Journalist, cancer advocate and best-selling author Katie Couric comes to SMU Tuesday, Nov. 29, to deliver the Tolleson Lecture in the University’s 2011-12 Willis M. Tate Distinguished Lecture Series. The event begins at 8 p.m. in McFarlin Auditorium.
A fixture in national television news for more than 20 years, Couric enjoyed an unprecedented 15-year run as co-anchor of NBC News’ Today (1991-2006) and was the first solo female anchor of a national nightly news broadcast, as anchor and managing editor of the CBS Evening News with Katie Couric (2006-2011). At CBS News, Couric was also a contributor to 60 Minutes, CBS Sunday Morning and CBS News primetime specials.
Couric has covered important international news stories including the bombing in Oklahoma City, the Clarence Thomas hearings, the terrorist attacks of September 11, the shooting at Columbine High School, the earthquake in Haiti, the wars in Iraq and Afghanistan and the shooting in Tucson that wounded Rep. Gabrielle Giffords and killed six others. She has also covered eight Olympic Games, the funeral of Princess Diana and the wedding of Prince William and Kate Middleton in April 2011.
In addition to her career as an anchor and broadcast news reporter, Couric is the author of The New York Times bestseller, The Best Advice I Ever Got: Lessons From Extraordinary Lives. In addition, she co-wrote two successful children’s books: The Brand New Kid and The Blue Ribbon Day. She is active in several social media platforms, including Twitter (@katiecouric) and Facebook.
The CBS Evening News with Katie Couric received the Edward R. Murrow Award for Best Newscast in 2008 and 2009. The University of Southern California’s Annenberg School for Communication & Journalism awarded Couric the Walter Cronkite Award for Special Achievement in 2009 for “National Impact on the 2008 Campaign.” In 2009, the University of South Dakota and Freedom Forum awarded her the Al Neuharth Award for Excellence in the Media.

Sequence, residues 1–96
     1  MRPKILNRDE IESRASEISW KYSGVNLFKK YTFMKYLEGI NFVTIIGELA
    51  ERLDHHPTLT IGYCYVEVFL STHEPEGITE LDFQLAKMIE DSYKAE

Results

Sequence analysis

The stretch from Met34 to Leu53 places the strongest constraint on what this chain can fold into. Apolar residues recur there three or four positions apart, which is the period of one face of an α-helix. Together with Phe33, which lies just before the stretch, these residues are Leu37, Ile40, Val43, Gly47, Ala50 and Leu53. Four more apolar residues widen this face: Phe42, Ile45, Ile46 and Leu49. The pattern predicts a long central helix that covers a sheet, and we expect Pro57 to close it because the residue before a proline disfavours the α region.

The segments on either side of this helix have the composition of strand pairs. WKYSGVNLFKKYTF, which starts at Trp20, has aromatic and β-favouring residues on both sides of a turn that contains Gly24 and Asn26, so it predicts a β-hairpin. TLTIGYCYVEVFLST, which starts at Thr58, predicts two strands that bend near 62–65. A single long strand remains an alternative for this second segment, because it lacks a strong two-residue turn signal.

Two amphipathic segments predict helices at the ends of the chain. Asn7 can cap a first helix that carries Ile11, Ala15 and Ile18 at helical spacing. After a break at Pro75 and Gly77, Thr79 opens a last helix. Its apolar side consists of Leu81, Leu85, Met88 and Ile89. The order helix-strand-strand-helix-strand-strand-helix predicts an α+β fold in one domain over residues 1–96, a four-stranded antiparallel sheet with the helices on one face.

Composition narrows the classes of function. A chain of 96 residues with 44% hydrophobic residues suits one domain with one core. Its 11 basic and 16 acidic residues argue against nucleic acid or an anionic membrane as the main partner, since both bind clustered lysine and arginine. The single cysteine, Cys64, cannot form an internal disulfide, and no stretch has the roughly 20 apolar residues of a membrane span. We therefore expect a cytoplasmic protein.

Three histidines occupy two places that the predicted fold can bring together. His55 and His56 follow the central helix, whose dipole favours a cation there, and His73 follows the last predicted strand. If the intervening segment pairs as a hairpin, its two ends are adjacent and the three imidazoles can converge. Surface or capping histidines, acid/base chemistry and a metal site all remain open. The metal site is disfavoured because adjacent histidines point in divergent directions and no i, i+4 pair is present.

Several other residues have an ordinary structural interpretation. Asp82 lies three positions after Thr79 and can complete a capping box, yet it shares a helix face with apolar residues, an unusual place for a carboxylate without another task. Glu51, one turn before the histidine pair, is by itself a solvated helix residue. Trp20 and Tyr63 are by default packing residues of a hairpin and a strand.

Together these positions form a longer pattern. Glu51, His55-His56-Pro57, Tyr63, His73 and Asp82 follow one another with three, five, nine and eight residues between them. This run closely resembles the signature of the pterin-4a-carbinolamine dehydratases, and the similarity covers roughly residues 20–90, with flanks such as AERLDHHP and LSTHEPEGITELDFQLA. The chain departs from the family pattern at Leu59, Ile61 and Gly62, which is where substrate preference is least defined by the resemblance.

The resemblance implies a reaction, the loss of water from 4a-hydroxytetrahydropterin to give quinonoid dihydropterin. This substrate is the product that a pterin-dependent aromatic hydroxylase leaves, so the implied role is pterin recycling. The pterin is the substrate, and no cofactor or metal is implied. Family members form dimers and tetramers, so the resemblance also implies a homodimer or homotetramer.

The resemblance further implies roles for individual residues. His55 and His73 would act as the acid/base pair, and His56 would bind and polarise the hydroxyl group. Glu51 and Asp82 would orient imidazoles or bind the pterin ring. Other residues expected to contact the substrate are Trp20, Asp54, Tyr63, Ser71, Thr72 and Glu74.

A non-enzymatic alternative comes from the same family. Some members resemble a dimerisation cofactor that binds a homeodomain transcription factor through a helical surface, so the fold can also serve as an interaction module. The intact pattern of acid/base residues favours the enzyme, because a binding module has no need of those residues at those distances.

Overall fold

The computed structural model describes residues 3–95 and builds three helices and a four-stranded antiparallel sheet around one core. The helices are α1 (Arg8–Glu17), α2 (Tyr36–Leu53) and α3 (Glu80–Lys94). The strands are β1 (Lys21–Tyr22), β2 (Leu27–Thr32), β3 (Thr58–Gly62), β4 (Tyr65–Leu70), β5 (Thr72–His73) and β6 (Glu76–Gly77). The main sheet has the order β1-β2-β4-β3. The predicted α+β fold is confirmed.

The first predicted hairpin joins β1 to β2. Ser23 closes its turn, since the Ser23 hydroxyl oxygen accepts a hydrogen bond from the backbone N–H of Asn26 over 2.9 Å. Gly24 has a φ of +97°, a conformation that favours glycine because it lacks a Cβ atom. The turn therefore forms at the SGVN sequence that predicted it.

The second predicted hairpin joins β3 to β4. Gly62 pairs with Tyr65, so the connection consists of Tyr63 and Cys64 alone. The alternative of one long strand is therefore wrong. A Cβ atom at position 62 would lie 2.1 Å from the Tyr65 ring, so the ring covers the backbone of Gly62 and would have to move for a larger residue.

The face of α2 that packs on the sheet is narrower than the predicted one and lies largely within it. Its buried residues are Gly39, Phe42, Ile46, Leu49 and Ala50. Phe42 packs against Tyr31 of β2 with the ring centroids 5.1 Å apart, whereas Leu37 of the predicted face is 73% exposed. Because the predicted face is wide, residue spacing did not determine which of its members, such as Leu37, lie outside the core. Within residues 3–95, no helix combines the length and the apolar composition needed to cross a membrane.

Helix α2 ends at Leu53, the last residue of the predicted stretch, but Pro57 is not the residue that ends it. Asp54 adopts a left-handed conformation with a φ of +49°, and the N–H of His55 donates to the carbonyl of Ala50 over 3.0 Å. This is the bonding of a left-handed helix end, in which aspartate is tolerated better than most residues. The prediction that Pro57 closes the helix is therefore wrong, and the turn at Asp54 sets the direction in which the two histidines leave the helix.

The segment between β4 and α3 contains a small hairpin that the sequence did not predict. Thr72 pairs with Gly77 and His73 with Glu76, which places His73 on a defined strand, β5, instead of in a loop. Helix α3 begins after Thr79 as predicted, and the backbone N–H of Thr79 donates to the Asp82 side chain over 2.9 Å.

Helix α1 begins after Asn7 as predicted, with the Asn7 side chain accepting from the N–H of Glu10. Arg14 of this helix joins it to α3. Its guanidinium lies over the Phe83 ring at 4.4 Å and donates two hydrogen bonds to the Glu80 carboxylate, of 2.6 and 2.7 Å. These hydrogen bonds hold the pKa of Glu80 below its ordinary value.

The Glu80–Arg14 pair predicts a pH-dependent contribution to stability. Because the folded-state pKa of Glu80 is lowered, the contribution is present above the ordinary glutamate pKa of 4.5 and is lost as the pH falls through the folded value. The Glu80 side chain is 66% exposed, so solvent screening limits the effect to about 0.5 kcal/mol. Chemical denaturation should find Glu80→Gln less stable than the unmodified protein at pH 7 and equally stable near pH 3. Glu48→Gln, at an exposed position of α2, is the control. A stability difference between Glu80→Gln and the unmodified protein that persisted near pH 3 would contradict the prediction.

In 2010, Couric was awarded an Alfred I. duPont Award for her interview with Republican vice presidential candidate Sarah Palin. The CBS Evening News with Katie Couric was awarded a second duPont for a series she conceived on the impact of the recession on children in America. She also received an Emmy for Outstanding Interview for her profile of Captain Chesley “Sully” Sullenberger, entitled Saving Flight 1549.
After losing her husband, Jay Monahan, to colon cancer in 1998, Couric became a public leader in the fight against the country’s second largest cancer killer. In March 2000, Couric launched the National Colorectal Cancer Research Alliance (NCCRA) with the Entertainment Industry Foundation (EIF) and cancer activist Lilly Tartikoff to fund cutting-edge research in colorectal cancer and generate awareness about the life-saving value of screening. She also helped co-found The Jay Monahan Center for Gastrointestinal Health at New York-Presbyterian Hospital/Weill Cornell Medical Center – a comprehensive, fully integrated multi-disciplinary program that stresses education and prevention in addition to diagnosis and treatment of gastrointestinal cancers.
In addition, she is a co-founder of Stand Up To Cancer (SU2C), an organization that has raised nearly $200 million in funds to accelerate research that can get new therapies to patients quickly.
Born in Arlington, Virginia, Couric graduated with honors from the University of Virginia in 1979 with a bachelor’s degree in English and a focus on American Studies. She lives in New York City and has two daughters.
The evening lecture is sold out. Couric will meet with SMU journalism students and answer questions from University community members and local high school students in the Turner Construction/Wells Fargo Student Forum at 4:30 p.m. Nov. 29 in the Hughes-Trigg Student Center Theater. The event is free, but seating is limited. SMU faculty, staff and students are encouraged to attend; RSVP online to ensure a place.